The elegant opinion-page column ``Lessons of Munich - relevant 50 years later,'' Sept. 29, while brilliant and illuminating, is largely irrelevant both in the context of the '30s and of the '80s. The notion of ``democracy and unity, more than raw force,'' as the ``key to resisting oppression'' is naive and wrongheaded as long as multinational corporations dedicated to the armaments industry see profit in equipping regimes which seek to deny democracy and unity.
The British and the French found themselves in a dilemma vis-`a-vis Czechoslovakia because of their joint failure to prevent the full-scale resurgence of Nazi Germany's military machine as mandated by the 1918 Treaty of Versailles.
The upside of Hitler's fascism, as American and European multinational corporations and banks quickly discovered, was that it was good for business.
Fascism's downside - anti-Semitism and appetite for new territories - took a back seat to profit. One must never forget that Hitler led Germany out of its depression. Pursuit of profit usually takes precedence over policy.
Jeane Kirkpatrick, former United Nations ambassador, in a dazzling display of conservative logic, once stated, ``I prefer the dictators [of Latin America] to the communists, because at least we can do business with them.''
With the possible exception of Dr. Armand Hammer, the multinationals have always perceived communism as bad for profit.
The surrender to Nazi Germany resembled a hostile corporate raid triggered when Hitler smelled ``blood in the water.'' The hapless Czechs and their prized Skoda factories - whose weapons were unwelcome competition to Germany's Krupp works - were put into play by a nervous and obliging Anglo-French leadership. Sadly, no white knight appeared to save them. LeRoy Woodson, Seal Beach, Calif.
This column overdraws some lessons from Munich. Since there was a sizable German minority in Czechoslovakia, it is not helpful to speculate that if the Czechs were united, Hitler would have had second thoughts about attacking that nation.
At the end of World War II, the United States, despite its pledges and commitments to democracy, was unwilling to militarily confront the Soviets in Eastern Europe. The US was war weary.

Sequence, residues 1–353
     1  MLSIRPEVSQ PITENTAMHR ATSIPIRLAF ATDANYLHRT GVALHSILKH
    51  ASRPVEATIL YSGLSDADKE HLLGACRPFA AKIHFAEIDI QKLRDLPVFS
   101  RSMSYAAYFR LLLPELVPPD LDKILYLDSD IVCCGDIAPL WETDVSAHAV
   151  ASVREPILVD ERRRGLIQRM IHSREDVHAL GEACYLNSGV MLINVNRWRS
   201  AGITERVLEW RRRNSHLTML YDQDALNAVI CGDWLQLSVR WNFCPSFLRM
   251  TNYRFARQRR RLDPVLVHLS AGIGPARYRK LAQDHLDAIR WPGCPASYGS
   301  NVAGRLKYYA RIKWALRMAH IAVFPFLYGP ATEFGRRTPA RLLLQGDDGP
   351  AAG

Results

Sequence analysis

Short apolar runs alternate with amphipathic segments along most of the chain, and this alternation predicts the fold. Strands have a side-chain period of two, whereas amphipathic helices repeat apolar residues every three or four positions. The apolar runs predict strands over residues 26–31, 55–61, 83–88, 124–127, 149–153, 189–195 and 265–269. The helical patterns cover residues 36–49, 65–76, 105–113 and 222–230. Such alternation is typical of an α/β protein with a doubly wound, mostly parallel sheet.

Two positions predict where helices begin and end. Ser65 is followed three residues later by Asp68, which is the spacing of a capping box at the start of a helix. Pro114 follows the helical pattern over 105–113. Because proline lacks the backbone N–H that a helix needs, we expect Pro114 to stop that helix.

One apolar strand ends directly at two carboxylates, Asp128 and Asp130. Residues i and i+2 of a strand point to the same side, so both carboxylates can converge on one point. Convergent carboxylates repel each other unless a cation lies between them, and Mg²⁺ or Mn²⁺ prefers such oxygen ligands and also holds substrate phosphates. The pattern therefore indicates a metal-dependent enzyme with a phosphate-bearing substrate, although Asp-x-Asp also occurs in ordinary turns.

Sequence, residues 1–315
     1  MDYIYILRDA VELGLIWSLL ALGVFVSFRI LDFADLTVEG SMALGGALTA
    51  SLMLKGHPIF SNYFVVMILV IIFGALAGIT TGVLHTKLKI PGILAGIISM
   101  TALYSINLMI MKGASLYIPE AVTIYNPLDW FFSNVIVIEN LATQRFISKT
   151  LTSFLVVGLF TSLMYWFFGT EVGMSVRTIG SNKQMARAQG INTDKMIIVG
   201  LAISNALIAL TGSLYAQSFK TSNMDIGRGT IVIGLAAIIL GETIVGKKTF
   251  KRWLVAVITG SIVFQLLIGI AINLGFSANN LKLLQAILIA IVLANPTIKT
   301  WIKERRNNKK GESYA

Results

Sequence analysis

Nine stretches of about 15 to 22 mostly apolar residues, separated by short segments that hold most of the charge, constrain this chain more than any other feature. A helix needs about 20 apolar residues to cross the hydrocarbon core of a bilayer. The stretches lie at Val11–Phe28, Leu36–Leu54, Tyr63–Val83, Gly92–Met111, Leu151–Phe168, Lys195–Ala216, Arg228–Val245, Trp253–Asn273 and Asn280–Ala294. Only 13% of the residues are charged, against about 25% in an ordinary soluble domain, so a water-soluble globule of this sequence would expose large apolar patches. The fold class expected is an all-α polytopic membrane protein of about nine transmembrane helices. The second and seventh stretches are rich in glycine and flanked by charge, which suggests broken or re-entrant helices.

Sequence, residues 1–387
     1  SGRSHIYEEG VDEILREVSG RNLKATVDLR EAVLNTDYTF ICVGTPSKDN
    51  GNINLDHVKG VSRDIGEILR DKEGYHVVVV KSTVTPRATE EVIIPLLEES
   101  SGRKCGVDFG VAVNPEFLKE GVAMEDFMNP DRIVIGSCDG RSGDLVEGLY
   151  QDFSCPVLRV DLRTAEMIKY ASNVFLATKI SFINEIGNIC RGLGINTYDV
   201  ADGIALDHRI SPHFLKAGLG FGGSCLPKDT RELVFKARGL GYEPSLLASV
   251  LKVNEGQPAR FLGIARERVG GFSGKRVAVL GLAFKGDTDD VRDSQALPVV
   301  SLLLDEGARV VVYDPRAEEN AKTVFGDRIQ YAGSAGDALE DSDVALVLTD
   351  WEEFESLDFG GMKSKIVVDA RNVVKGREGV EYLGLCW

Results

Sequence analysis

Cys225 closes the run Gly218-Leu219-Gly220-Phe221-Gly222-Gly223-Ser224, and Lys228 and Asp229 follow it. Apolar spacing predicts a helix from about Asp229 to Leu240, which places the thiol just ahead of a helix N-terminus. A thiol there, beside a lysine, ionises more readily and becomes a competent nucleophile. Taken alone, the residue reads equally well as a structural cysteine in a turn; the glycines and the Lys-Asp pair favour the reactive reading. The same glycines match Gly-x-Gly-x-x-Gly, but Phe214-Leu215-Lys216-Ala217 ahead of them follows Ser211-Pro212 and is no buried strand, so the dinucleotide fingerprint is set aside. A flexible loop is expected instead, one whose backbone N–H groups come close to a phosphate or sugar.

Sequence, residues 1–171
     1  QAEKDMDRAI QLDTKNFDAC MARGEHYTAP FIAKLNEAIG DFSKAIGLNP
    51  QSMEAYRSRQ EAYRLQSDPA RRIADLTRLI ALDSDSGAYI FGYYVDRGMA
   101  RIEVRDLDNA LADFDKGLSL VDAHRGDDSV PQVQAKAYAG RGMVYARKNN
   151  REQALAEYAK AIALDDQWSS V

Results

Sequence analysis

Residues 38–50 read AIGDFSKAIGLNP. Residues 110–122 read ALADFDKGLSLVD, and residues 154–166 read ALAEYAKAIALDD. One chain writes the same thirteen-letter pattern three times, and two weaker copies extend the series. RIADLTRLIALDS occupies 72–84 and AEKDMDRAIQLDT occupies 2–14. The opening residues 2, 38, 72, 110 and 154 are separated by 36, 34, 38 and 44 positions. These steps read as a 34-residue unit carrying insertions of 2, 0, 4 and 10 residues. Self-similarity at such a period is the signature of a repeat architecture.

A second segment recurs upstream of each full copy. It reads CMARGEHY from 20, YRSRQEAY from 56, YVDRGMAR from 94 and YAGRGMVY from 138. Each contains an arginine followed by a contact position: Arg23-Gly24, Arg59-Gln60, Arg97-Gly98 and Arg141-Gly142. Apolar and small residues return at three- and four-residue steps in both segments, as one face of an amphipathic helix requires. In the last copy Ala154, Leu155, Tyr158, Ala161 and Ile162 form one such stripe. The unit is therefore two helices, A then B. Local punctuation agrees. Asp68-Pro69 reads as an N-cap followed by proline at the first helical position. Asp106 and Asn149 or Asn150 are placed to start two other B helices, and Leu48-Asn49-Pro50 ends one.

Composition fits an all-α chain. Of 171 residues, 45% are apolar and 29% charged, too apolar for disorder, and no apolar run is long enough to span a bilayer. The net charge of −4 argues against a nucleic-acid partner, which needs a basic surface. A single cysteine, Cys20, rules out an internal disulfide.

Notwithstanding the treaties with Czechoslovakia, France and England were still exhausted from World War I. Neither intended to appease Hitler; both, however, willed the consequences of their acts. Realpolitik overcame treaty commitment. Elliott Cohen, New York
Students as priority Regarding the article ``A man for all reason,'' Sept. 29, profiling David Riesman, sociologist and educator: It is rather jolting to read of an educator who is something of an aberration because his first priority is student success. Isn't this a given?
Many excellent teachers are sustained by the firm conviction that their very reason for being is to enhance student success.
When the individual teacher is motivated by one criterion - the success of each student - the results will speak for themselves.
The power of a good teacher is immeasurable. He teaches by his very presence. Anne Vinson, Pleasant Ridge, Mich.
Renouncing alcohol I was very pleased to read the article ``Reynolds heir blows smoke in tobacco industry's eyes,'' Oct. 4, telling of Patrick Reynolds's conviction and courage in breaking the family tradition of ownership in the tobacco industry by selling his stock and working toward a tobacco-free society.
Shouldn't those involved in the sale or distribution of beer, wine, or liquor who know the effects of alcohol renounce alcohol with equal conviction and courage? Daryl Meyer, El Paso, Texas
More for the powerful Regarding the article ``UN tries to slow deforestation by boosting African timber industry,'' Oct. 4: Streamlining the timber industry in tropical Africa may well make the operations more profitable, but in no way will it improve the dire poverty of the common people.
As most of the timberlands belong to the respective governments, the people in power will get more money, but it is most unlikely that any of that will filter down to the populace. Louis Mihalyi, Chico, Calif., Prof. of Geography California State U